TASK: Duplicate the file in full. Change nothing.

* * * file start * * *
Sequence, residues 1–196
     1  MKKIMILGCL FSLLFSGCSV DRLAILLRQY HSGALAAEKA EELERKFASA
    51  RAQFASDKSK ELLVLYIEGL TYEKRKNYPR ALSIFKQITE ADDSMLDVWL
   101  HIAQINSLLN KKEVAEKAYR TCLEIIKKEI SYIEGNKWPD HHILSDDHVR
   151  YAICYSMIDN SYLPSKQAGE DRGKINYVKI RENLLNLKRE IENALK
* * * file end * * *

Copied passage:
Sequence, residues 1–196
     1  MKKIMILGCL FSLLFSGCSV DRLAILLRQY HSGALAAEKA EELERKFASA
    51  RAQFASDKSK ELLVLYIEGL TYEKRKNYPR ALSIFKQITE ADDSMLDVWL
   101  HIAQINSLLN KKEVAEKAYR TCLEIIKKEI SYIEGNKWPD HHILSDDHVR
   151  YAICYSMIDN SYLPSKQAGE DRGKINYVKI RENLLNLKRE IENALK